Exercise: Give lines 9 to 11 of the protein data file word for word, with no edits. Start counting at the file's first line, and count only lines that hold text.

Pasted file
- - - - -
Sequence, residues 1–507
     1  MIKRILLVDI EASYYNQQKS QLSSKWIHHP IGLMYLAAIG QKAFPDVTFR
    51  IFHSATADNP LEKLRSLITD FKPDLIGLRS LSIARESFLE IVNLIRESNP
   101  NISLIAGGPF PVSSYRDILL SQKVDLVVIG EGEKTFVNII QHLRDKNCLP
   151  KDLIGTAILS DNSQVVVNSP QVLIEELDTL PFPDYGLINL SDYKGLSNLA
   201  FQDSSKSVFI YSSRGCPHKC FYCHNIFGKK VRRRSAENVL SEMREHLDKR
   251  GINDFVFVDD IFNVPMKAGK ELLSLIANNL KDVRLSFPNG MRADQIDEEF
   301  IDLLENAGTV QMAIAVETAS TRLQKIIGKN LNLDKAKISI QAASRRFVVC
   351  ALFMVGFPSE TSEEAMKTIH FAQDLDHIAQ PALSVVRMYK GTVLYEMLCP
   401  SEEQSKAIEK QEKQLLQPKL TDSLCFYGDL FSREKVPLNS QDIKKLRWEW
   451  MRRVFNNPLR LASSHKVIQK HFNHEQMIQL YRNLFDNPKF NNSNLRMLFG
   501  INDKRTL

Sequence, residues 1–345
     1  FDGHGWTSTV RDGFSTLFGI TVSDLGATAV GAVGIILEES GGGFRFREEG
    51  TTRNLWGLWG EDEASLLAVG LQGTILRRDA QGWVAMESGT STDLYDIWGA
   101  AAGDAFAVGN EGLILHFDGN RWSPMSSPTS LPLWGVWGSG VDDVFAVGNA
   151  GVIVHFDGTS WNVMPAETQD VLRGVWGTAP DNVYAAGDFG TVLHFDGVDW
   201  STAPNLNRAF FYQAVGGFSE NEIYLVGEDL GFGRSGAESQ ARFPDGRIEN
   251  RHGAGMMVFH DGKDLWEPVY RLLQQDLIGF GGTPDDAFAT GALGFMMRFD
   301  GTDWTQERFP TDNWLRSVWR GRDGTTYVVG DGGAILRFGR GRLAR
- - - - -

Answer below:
   351  ALFMVGFPSE TSEEAMKTIH FAQDLDHIAQ PALSVVRMYK GTVLYEMLCP
   401  SEEQSKAIEK QEKQLLQPKL TDSLCFYGDL FSREKVPLNS QDIKKLRWEW
   451  MRRVFNNPLR LASSHKVIQK HFNHEQMIQL YRNLFDNPKF NNSNLRMLFG